Brunei History Through Spanish Eyes

Illustrations of the ethnic group in the Phiilippines in The Boxer Codex.
A Spanish galleon from the Boxer Codex. The manuscript now known as the Boxer Codex contains vivid historical descriptions of many parts of Asia including Brunei. Picture: Agencies

Rozan Yunos
Bandar Seri Begawan
Sunday, May 29, 2016

TO students studying history in primary and secondary schools, history can be a very dry subject. To them every fact, every date, and every opinion have already been locked in place. Their task seemed to be to memorise and regurgitate them during examinations.

But history is not like that. Even though it gives the appearance and the impression that everything is already known, it is not so. Below the surface, everything is still moving and in some cases fast flowing. The facts of history can change anytime. Some facts changed through some documents which have only been unearthed recently, or through some artifacts which have just been discovered. There is constant movement in establishing historical facts.

This is so much so that even historical ‘facts’ such as the Brunei Royal Genealogy Table which more or less was settled by the 18th century through the written ‘Salasilah Brunei’ faced changes when an unlisted Sultan Abdul Majid Hassan’s tomb was discovered in Nanjing, China in 1958. Brunei is such an old kingdom that there are probably more facts that needed to be discovered before the history of Brunei can actually be finalised.

Professor BA Hussainmiya, a former historian at UBD once wrote that “to write a history of the ancient past one requires a variety of primary sources ranging from archaeology, epigraphy, inscriptions, travellers’ tales, chronicles, numismatic etc”.

Unfortunately for Brunei, most of our documentations are lacking as we lack the suitable materials to keep long lasting records. We are very much relying on archaeology and tales such as Syair Awang Semaun but for documentation, we are relying on documents generally written by non-Bruneians thus far. So these documents are the only ones through which we have been establishing our Brunei ‘history’.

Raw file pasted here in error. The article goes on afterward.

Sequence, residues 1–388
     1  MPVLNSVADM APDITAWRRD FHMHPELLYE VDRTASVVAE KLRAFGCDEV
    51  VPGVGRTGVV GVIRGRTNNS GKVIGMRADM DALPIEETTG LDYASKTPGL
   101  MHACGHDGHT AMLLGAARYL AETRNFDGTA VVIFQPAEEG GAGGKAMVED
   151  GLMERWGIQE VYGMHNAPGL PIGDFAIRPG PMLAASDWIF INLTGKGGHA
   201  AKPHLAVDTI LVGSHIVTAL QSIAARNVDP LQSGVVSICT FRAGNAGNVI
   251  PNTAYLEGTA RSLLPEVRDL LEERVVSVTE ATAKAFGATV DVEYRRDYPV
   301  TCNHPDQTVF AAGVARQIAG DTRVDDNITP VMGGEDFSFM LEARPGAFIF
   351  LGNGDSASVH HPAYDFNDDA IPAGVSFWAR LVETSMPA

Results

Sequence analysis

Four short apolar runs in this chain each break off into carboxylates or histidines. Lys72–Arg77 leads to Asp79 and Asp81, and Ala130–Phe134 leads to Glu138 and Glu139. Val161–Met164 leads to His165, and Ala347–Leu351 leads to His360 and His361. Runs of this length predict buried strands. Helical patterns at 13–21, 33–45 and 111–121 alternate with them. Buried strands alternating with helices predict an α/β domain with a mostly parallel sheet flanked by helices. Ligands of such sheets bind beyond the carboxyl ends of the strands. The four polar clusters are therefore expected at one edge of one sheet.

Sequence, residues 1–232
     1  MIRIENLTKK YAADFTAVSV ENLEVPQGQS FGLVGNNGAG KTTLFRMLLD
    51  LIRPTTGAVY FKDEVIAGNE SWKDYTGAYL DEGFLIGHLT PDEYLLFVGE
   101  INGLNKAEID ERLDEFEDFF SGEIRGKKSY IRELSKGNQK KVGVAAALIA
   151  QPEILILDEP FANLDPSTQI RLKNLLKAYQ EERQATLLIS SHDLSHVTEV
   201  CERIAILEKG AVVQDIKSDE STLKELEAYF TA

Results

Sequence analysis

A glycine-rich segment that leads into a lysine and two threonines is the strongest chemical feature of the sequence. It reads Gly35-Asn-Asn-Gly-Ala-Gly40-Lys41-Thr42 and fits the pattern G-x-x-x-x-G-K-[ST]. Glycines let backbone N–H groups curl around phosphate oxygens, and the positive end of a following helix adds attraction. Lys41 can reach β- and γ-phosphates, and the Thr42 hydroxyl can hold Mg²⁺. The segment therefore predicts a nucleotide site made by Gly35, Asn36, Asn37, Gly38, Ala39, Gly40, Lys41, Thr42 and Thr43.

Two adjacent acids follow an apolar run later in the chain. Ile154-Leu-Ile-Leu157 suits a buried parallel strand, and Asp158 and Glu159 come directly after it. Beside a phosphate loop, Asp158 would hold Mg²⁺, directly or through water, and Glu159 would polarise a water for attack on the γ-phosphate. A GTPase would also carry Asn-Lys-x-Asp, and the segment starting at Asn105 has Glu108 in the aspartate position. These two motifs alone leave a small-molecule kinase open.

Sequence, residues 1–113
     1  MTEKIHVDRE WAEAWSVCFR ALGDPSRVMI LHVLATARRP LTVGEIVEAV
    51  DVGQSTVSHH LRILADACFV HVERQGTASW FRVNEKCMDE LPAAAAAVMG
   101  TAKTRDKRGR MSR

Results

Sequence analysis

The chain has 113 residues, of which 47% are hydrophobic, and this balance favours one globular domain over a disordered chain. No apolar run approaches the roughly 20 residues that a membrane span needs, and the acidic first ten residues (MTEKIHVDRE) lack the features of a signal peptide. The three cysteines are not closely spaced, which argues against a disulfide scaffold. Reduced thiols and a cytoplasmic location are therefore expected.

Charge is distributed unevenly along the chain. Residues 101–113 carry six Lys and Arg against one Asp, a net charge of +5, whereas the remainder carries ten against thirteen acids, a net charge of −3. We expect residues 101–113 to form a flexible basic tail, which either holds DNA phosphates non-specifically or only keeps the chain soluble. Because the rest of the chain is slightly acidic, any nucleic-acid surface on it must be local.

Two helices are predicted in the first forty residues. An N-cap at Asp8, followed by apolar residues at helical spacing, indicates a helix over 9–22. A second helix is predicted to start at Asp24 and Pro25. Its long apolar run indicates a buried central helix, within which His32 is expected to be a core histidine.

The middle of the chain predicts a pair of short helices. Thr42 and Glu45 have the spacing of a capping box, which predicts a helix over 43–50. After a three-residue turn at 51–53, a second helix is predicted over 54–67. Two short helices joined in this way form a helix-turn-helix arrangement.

While many documents have been found but many more could lie lurking in libraries around the world which may have a profound effect on our history. One such document discovered in 1947 is only beginning to make its impact.

A historian by the name of CR Boxer came across an anonymous, undated manuscript with a missing title page that an auction catalogue has described as a curious 18th century work on Asia. The manuscript belong to Lord Ilchester. The manuscript was among what remained in his collection when his estate, Holland House in London was bombed by direct German shelling on September 27, 1940 during the Blitz at the height of the Second World War.

Professor Charles Ralph Boxer, a historian and an authority on the Far East, thought the document looked interesting and placed a nominal bid for the document. He actually won the auction with that nominal bid. It was several weeks later before that document arrived at his house.

When Professor Boxer received and opened the mail, he realised that he had a late 16th century work which was so beautiful that it could easily have been owned by someone who are important enough to receive such beautiful and colourful work. In 1965, the Professor sold this manuscript to Indiana University's Lilly Library.

Rebecca Cape and Stephen Cape writing in ‘The Friends of the Lilly Library Newsletter 23’ (Fall 1994) described the manuscript dating from the late 16th century and containing about 270 pages of text, written probably by a Spanish and possibly by a Filipino clerk, and drawn from a variety of sources.

There are also seventy-five coloured drawings of the inhabitants of China, the Philippines, Java, the Moluccas, the Ladrones, and Siam; eighty-eight smaller drawings of birds and fantastic animals; and a double-fold drawing depicting a Spanish ship off one of the Ladrone islands surrounded by the small canoes of the natives of the island. The text of the volume consists of contemporary accounts describing these places, their people and customs, and the European contact with them.